Wednesday, January 30, 2013
I try not to think of it because it's such a small thing, after all, and long gone. But sometimes when I'm not thinking of Sri Lanka--not Rajah, not war, not even grief, of nothing in particular--I'm suddenly there.
I've just fished out some rupees for a shirt I spotted, hanging high on a branch behind a vendor's stall, where I can't reach it myself. A shirt only a tourist would buy. A young boy in a sarong uses a pole to take it down and the vendor folds it several times before slipping it into an old paper bag. I don't like the touch of his hands on it.
Up close, the colors are opalescent. It's made from the transparent pale green silk of an old sari, a swirling paisley pattern embellished with pearl gray and dove white. Something I imagine a new bride might have worn after her wedding.
The shirt is weightless as a ghost; I must have sensed it then. I'm possessive, secretive, and passionate about this piece of clothing. I want it with the kind of doomed, ferocious, sorrowful greed reserved for illicit love.
That moment of remembering is nothing more than this: my hand grasping a small brown bag. The paper crackling against the silk and the palm of my hand. It's this sound, this tiny aural seed that contains a blueprint for the future.
Rajah and I will say good-bye; when no one looks his thumb will push aside my tears. It stings. The only time he touches me his callused finger chafes my sunburn. I will return to America to finish my studies and he will remain in Sri Lanka to be a houseboy. We write to each other for many years.
The shirt will tear when I try to put it on for the first time. The silk is light as a whisper and tears at the slightest tug. Hanging in shreds, it's still gorgeous. The colors look beautiful against my skin. I'll never wear it.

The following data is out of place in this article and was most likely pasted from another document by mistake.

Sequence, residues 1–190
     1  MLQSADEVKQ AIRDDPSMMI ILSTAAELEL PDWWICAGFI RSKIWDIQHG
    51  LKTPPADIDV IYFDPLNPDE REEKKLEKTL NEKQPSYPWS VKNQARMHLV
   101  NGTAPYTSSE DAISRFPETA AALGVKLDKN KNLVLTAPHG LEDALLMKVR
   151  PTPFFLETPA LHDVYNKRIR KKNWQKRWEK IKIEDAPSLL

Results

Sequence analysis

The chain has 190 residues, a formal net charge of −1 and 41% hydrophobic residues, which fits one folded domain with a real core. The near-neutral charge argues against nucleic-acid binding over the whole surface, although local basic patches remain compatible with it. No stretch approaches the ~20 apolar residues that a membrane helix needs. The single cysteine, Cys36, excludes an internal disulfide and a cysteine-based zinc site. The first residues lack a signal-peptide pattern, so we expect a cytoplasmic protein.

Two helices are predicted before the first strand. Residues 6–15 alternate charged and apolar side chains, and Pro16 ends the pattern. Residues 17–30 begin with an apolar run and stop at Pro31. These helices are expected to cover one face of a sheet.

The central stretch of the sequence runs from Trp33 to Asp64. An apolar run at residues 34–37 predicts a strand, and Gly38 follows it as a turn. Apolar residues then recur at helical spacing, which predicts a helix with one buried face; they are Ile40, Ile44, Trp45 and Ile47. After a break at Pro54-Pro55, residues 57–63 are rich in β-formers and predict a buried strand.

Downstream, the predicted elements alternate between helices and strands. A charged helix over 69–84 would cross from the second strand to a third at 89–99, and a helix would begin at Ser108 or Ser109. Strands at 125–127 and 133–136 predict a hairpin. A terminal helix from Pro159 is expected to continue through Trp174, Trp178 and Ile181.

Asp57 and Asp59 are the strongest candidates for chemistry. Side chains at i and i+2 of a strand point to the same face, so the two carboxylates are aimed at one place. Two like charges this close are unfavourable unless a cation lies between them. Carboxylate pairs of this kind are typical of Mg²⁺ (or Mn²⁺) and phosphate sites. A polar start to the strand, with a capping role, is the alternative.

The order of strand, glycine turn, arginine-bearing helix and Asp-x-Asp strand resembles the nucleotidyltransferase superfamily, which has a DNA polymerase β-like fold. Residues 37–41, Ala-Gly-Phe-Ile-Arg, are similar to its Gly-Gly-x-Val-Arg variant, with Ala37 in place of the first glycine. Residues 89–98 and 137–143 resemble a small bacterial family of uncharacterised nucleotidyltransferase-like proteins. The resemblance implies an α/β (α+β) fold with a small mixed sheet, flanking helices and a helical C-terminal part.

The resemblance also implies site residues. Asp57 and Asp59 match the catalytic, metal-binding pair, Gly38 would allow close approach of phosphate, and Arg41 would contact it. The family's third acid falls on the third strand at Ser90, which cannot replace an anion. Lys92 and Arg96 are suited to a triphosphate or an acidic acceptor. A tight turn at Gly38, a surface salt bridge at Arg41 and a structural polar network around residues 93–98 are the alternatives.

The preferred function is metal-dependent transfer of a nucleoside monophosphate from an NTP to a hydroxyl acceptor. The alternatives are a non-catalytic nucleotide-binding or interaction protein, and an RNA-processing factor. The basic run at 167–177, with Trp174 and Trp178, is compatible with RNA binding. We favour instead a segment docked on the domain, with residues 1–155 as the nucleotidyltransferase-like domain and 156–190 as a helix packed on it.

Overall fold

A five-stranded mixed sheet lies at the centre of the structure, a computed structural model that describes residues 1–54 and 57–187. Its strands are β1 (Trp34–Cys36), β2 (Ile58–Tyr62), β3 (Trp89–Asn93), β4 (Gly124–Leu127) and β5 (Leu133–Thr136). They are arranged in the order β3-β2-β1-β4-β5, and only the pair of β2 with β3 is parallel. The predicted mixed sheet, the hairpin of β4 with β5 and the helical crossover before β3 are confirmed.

I will marry and have two children. My daughter says her first word; my son learns how to walk. A tsunami will kill 40,000 people. Jaffna's library will be burned down by the Sinhalese army, its blackened window frames agape as empty eye sockets. The cemetery is razed, memory blasted clean, again and again. An odor of smoke, sweat, gunpowder, blood, sandalwood, cinnamon, jasmine.
I divorce. Thousands of civilians herded onto a narrow strip of sand are trapped between the jungle and the Indian Ocean. The soldiers who tell them they will be safe here are the ones who kill them. There will be screaming, and silence. The sound of waves lapping the shore. Tourists sunbathe and barter, bring home silk and gemstones.
The war is over. The kidnapping, torture, and gang-rape continue, murder and disappearance, again and again. Intimidation and terror; mulligatwny soup and dal, milk hoppers and rice idli.
I order a venti latte at Starbucks and pay with a credit card. Silk disintegrates and embers flare. Memory crackles.